The Poetic Manifesto of the Populist-Nationalist Age
Elegant and traditional, MacKenzie's critically acclaimed Sonnets for Christ the King is lyric poetry in the grand manner—the poetic manifesto of the nationalist-populist era.
The only American to have won the Scottish International Poetry Competition, traditional lyric poet and Pushcart Prize nominee Joseph Charles MacKenzie and is considered a modern master of the English, or Shakespearean, sonnet. His verses have appeared in The New York Times, The Scotsman (Edinburgh), The Independent (London), the Society of Classical Poets (New York), and America’s most important review of classic poetry, Trinacria (New York).
The seventy-seven Sonnets for Christ the King form a lyrical sequence around the themes of love, death, and the passage of time. Referred to by top New York poetry editor and critic Dr. Joseph Salemi as ”a liturgically mediated conversation with God,” the critically-acclaimed collection is both extremely varied and perfectly contained. In addition to love poems, Salemi observes that there are also ”prayers, meditations, devout recollections of individual saints, scriptural and liturgical reminiscences, and even doctrinal argument…Indeed, the last fourteen sonnets in the sequence are meditative disquisitions on the Stations of the Cross.”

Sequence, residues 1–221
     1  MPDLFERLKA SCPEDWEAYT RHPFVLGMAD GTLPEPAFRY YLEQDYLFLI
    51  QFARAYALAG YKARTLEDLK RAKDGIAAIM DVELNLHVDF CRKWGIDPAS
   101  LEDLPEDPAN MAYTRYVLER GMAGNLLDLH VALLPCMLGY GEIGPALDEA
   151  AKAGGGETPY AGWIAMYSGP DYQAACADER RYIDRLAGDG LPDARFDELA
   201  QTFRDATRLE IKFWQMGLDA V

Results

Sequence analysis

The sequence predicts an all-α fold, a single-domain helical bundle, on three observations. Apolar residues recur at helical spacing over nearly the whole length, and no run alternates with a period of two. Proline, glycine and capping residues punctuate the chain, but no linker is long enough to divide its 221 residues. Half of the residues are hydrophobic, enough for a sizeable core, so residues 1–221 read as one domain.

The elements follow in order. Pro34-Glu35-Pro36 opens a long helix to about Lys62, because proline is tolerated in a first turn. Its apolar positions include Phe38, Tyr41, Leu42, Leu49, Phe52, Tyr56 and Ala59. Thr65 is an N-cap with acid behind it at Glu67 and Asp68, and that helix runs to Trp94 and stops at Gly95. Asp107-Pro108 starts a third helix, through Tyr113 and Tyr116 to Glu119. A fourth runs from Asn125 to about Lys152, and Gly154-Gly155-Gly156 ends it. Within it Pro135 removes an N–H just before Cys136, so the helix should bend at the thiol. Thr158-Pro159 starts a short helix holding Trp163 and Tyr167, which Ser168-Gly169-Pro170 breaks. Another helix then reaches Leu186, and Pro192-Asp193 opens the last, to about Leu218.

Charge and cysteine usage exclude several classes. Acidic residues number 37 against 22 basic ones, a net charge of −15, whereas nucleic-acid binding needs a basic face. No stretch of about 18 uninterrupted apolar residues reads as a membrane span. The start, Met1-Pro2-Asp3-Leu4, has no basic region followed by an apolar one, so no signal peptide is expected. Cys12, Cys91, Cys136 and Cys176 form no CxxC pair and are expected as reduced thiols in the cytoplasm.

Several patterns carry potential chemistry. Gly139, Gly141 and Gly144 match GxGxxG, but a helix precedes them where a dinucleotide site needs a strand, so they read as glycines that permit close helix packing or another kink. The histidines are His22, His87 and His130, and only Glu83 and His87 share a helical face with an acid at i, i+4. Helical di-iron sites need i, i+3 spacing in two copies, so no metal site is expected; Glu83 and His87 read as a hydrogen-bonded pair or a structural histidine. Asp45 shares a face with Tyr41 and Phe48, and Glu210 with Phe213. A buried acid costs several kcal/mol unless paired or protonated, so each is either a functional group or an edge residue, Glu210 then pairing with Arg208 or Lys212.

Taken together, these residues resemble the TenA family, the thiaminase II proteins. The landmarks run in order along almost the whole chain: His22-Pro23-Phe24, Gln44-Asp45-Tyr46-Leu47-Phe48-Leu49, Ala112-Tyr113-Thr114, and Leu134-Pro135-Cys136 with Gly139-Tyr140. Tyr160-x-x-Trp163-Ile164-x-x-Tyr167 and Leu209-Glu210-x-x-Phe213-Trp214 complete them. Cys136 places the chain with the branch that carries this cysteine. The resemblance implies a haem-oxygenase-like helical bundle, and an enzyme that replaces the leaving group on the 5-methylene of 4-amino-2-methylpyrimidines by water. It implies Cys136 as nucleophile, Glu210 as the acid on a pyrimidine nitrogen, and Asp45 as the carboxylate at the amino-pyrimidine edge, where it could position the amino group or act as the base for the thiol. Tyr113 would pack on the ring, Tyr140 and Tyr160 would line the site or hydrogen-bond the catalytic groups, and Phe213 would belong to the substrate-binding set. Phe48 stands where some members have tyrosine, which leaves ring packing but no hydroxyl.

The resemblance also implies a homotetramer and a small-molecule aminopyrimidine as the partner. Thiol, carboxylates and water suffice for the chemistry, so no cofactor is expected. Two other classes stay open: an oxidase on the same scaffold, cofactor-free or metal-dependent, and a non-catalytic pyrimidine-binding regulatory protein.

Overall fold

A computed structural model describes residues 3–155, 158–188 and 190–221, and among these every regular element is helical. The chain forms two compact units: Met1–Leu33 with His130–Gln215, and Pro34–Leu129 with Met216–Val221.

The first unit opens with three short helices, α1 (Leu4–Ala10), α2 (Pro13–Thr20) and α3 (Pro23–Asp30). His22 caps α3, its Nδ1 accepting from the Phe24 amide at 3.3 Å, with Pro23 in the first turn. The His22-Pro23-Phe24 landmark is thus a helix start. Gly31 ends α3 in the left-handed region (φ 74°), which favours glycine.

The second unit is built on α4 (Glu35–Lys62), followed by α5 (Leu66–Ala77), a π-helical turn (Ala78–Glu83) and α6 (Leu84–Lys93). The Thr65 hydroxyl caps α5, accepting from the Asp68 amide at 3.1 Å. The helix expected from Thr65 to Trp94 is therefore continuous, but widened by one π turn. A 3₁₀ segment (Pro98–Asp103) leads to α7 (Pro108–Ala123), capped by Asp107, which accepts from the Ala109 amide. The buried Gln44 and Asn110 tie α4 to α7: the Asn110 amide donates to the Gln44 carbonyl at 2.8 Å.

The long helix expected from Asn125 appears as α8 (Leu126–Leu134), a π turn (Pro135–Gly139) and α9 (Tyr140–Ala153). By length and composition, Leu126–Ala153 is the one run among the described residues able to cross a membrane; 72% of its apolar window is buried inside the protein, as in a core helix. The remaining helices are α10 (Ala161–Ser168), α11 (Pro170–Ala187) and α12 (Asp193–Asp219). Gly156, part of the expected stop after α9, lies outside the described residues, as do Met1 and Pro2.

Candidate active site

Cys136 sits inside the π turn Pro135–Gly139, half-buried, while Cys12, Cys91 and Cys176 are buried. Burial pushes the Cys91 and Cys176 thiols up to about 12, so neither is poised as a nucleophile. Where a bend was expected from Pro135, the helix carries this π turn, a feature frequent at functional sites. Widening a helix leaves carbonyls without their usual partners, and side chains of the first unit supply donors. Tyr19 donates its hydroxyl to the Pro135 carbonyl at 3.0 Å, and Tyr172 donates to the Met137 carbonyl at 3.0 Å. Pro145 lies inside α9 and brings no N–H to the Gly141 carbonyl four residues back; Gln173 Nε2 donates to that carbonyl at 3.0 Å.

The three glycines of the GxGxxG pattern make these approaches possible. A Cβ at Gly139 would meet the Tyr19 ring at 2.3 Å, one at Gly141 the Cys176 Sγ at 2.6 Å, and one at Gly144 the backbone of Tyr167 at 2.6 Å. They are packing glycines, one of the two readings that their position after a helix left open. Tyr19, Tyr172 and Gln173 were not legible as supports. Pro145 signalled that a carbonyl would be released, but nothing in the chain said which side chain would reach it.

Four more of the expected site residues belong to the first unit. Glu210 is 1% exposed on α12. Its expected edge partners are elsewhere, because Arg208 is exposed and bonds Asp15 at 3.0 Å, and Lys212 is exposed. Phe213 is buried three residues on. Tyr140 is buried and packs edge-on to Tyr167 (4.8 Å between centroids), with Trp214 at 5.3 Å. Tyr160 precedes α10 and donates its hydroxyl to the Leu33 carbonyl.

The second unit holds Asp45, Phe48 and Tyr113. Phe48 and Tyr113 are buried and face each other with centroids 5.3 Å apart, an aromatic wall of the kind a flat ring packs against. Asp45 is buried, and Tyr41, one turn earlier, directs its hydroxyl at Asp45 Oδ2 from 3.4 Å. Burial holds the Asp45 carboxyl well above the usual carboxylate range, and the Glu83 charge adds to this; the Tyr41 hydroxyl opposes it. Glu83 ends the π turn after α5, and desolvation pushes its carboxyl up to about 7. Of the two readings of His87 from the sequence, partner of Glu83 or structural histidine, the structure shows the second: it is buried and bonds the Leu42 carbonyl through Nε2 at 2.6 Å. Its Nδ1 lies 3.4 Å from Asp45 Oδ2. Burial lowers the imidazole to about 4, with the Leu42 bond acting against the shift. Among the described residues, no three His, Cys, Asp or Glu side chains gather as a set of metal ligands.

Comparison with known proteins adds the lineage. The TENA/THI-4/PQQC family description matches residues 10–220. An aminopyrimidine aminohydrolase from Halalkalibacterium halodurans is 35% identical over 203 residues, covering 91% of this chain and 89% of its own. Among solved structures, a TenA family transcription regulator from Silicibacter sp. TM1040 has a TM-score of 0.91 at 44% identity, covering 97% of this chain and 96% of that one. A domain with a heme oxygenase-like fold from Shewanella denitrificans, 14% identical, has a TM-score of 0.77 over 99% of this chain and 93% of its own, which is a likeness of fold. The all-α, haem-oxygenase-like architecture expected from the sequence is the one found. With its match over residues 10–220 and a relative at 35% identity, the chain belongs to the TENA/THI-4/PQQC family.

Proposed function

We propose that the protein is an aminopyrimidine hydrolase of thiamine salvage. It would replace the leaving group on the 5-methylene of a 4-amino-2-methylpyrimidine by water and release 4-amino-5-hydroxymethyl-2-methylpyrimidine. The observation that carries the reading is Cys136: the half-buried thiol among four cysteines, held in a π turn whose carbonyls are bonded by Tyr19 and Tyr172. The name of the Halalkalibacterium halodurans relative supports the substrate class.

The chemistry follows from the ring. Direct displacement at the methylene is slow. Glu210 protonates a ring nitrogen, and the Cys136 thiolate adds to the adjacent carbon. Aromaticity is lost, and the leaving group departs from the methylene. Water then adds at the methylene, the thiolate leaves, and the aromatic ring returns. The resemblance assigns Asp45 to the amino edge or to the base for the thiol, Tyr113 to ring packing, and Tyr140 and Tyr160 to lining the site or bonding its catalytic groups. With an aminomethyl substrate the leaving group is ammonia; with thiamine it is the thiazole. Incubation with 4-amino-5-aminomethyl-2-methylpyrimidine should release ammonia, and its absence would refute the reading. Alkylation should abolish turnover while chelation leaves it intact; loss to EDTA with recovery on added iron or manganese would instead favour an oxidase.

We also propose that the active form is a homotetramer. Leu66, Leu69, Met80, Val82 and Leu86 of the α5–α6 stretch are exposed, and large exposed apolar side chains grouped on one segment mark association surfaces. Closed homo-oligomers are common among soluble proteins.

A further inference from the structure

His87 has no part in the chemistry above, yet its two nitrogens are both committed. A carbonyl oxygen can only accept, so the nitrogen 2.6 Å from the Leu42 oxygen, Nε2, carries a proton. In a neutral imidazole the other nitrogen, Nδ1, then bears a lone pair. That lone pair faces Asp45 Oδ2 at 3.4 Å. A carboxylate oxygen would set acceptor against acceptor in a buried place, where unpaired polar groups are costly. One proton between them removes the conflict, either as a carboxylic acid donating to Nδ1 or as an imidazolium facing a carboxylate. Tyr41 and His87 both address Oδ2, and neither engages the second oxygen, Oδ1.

Rejecting the tired conventions of academic modernism characterizing today’s ”establishment poetry,” Joseph Charles MacKenzie composes ”in the grand manner” using timeless principles gleaned from the sonnet form’s 800 years of history. The Sonnets for Christ the King are also deeply personal, a reflection of the poet’s traditional Catholic faith handed down by his mother who was born and raised in Spanish New Mexico where MacKenzie has roots going back to the seventeenth century. The Sonnets for Christ the King are therefore an example, increasingly rare these days, of ”regional” or ”national” poetry, placing MacKenzie in the same arena as Ireland’s Seamus Heaney and Chile’s Pablo Neruda.